Also use a good type of lube on the nut. I use gun oil (Hoppe's no. 9 to be exact) others I have heard use graphite type compounds. A string not sliding in the nut can cause all kinds of tuning issues.


Who told you to use Hoppe's 009 as a lubricant?

009 is a copper fouling remover! I soak my bores in 009 so that it dissolves the copper and other fouling in the barrel, before I swab it out. I wouldn't use Hoppe's as a lube because it's corrosive!

Nitro-Solvent, the most universally used solvent for removing primer, powder, lead and metal fouling - for preventing rust. Quick, super-efficient, safe and easy to use. Flows freely and penetrates rapidly. Five sizes meet every cleaning requirement.


From Here
Quote by Cal UK

...that's what Skeet always says anyway and he's a sex god.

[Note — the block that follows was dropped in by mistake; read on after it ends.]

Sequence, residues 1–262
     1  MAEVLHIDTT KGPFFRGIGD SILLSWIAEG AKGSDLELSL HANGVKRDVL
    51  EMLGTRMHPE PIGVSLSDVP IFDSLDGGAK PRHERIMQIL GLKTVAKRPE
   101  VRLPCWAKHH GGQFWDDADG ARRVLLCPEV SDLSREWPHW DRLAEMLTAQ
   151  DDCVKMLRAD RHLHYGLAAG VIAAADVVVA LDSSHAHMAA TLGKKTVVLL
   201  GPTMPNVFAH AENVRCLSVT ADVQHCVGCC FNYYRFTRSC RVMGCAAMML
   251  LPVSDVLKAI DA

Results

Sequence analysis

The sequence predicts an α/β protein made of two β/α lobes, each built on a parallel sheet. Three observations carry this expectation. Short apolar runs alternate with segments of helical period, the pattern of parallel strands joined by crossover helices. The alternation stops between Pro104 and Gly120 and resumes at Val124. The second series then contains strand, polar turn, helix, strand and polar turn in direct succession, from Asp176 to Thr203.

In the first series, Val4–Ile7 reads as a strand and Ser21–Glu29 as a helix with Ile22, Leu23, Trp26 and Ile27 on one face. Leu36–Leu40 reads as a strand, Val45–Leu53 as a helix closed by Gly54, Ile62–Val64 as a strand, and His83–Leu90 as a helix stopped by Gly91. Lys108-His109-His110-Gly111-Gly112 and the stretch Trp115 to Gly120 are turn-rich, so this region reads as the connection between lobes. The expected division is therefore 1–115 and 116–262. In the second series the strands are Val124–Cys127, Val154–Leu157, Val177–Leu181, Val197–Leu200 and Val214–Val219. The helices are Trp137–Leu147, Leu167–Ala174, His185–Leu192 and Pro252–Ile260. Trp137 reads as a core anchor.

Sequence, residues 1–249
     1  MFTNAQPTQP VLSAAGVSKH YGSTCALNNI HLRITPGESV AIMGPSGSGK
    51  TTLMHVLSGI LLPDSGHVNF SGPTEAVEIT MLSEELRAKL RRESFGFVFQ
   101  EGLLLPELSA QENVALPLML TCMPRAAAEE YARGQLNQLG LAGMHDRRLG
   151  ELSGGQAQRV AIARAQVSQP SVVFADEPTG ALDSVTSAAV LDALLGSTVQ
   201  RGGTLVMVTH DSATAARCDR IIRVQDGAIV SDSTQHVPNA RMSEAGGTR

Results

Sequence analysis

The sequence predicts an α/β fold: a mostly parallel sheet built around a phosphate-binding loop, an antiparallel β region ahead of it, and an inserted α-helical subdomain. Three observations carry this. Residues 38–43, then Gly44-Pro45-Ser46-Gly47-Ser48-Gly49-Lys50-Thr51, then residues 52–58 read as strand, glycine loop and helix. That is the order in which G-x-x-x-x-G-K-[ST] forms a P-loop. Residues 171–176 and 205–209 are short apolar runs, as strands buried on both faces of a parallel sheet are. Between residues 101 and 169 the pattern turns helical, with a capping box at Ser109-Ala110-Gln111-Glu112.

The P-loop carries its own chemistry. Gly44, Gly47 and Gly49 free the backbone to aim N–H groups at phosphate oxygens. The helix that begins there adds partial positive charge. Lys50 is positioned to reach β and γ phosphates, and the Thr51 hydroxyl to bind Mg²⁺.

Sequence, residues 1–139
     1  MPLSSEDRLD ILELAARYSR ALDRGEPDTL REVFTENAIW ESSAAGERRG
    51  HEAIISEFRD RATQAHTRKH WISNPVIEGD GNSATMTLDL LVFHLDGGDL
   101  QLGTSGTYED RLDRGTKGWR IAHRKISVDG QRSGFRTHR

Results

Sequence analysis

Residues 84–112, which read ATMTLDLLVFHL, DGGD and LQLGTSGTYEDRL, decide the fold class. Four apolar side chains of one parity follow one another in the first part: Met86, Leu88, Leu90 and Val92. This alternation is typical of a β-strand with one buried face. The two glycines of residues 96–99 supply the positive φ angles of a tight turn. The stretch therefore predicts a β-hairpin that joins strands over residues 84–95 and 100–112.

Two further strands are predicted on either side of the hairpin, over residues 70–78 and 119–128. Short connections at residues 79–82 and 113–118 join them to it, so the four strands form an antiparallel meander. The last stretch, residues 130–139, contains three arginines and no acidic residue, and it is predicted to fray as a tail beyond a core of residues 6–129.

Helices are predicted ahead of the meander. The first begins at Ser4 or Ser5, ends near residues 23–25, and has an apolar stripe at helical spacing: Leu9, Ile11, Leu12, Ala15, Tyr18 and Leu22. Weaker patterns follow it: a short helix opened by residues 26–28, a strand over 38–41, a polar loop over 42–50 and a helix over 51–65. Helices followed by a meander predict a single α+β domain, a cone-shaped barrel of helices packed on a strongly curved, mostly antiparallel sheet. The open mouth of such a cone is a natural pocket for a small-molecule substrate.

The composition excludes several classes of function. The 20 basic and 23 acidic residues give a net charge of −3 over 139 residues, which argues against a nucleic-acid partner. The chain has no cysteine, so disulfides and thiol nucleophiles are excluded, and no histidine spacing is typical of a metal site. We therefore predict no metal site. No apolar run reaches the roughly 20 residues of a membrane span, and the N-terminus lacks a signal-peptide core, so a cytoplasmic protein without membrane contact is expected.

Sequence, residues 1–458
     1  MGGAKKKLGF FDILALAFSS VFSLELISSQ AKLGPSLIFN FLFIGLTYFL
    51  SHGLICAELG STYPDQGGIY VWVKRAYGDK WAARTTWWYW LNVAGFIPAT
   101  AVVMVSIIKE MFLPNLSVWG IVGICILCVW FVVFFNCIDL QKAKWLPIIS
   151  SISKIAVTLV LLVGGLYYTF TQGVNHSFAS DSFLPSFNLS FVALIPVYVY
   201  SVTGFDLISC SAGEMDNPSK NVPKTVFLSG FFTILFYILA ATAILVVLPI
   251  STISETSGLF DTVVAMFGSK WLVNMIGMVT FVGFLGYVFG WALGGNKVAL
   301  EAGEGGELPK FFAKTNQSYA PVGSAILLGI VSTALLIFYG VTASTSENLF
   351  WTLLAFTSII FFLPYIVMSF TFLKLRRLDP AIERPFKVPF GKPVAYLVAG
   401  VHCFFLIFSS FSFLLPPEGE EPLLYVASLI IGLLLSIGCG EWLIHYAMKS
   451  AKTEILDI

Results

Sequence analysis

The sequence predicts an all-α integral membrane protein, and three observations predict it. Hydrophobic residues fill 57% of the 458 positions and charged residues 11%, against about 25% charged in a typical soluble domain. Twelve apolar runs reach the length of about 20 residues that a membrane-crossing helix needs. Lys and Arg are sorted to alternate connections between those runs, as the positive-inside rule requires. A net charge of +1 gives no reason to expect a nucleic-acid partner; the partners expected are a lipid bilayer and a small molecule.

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#8
Quote by Skeet UK
Who told you to use Hoppe's 009 as a lubricant?

009 is a copper fouling remover! I soak my bores in 009 so that it dissolves the copper and other fouling in the barrel, before I swab it out. I wouldn't use Hoppe's as a lube because it's corrosive!


From Here


Try reading it does wonders. My post does NOT say 009 it says Hoppe's no. 9 it is a light lubricating oil. It is not corrosive. It can be used on (so the label says) guns, fishing reels, and other mechanisms. It also has no odor. Used to use it on my paintball guns.

And I'll one up you a link...

http://www.hoppes.com/products/lubricating_oil.html
Last edited by sparkeyjames at Aug 31, 2009,
#9
It's a good investment if there's nothing left to do. I know a guy with one on a strat. Doesn't kill tone or anything. Don't know how easy it is to install or anything, but it works the way it should.
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#10
Quote by sparkeyjames